ROLE OF QIB (QUALIFIED INSTITUTIONAL BUYER) IN THE INDIAN CAPITAL MARKET FOR THE LAST 6 YEARS
A] Who are the Qualified Institutional Buyers?
Qualified Institutional Buyers (QIBs), as defined under sub-clause (v) of clause 2.2.2B of the SEBI (DIP) Guidelines, can be one of the following: 1.
A Public Financial Institution as defined in Section 4-A of the Companies Act. 2.
FII (Foreign Institutional Investors) that are registered with SEBI 4.
Development Financial Institutional, both multilateral and bilateral 5.
VCF (Venture Capital Funds) registered with SEBI
SIDC (State Industrial Development Corporations)
Insurance Companies registered with the IRDA (Insurance Regulatory and Development Authority) 8.
Provident and Pension Funds with minimum corpus of 25 crores.
Such QIBs shall not be promoters or related to promoters of the issuer, either directly or indirectly. Besides, QIBs cannot have either veto rights or the right to appoint any nominee director to the board because that would also be considered to be related to the promoter.
The QIBs (especially the Mutual Funds and FIIs) play a very important role in the stock price movements. QIBs play an important role by bringing in the necessary funds needed by the equity stock market. The FIIs, though volatile and essentially market driven, facilitate significantly to the foreign funds inflow. QIBs are generally believed to bring in more efficiency and liquidity in the system.
B] Changes brought in by SEBI that impacted QIB role in the recent years
Earlier, in the book building route for public issue, 50% was reserved for QIBs, 15% for HNI and 35% for Retail investors. Even without this reservation for QIBs, the merchant bankers had the discretion alot shares to QIBs in any manner they liked. SEBI brought about the following major changes in the Primary Market in the last 6 years which impacted the role of QIBs in a big way:
QIBs now have to bid with margin money of 10% of the application value of the issue. Earlier they did not have to give any margin money. This was an attempt to discourage manipulation of issue oversubscription by forming a cartel of QIBs. (b)
The merchant banks’ discretionary quota to the QIB is done away with. The allotment of the shares to the QIB will be on a proportionate basis. (c)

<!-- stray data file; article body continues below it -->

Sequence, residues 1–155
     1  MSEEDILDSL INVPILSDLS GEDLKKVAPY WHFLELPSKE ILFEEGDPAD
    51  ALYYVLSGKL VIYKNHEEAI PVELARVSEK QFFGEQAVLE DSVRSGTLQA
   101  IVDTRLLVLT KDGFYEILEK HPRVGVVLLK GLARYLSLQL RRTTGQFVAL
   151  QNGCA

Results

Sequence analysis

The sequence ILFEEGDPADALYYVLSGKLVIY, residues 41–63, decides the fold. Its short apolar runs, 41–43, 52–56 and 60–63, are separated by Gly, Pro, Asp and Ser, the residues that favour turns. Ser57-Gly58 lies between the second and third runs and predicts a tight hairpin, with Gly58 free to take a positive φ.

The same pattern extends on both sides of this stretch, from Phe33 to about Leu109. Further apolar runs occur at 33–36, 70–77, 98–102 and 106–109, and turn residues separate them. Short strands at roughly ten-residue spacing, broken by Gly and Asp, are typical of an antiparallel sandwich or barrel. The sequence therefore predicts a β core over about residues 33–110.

Mutual funds get at least 5% of the overall 50% reservation for QIBs. (d)
All listed companies must have a minimum public holding of 25% of its shares on a continuous basis. All these changes are for the benefit of the small investor and improve liquidity of the stocks.
C] QIBs and price discovery – How effective were the QIB in discovering a realistic price in recent years?
QIBs are those who have the financial muscle and necessary expertise to make informed investment decisions. QIBs are expected to play an important role in the price discovery in the book-building mechanism. Theoretically, the QIBs can sober down the prices of the issue to realistic levels but practically, that seldom happens as seen by the recent bursting of the IPO bubble. The companies were quoting a hefty premium over similar stocks in the secondary market but the QIBs had little choice. If they wanted to participate in the offer, they had to do so in the exorbitant price band range dictated by the company and because of excess liquidity in the market and stiff competition, they generally bid at the upper end of the price band, thereby debunking the theory of book-building resulting in real price discovery. So, in reality, the QIBs did nothing to sober the prices of the fresh issues during the IPO bubble.
D] QIB vs the Retail Investors in the last 6 years
An article in Economic Times (4th Jan, 2007) , using the data for the last couple of months during that period, mentions that in IPOs, where QIBs are entitled for upto 50% of the issue size, gets subscribed upto 28 times while the retail portion gets subscribed for only upto 6 times...
Please join StudyMode to read the full document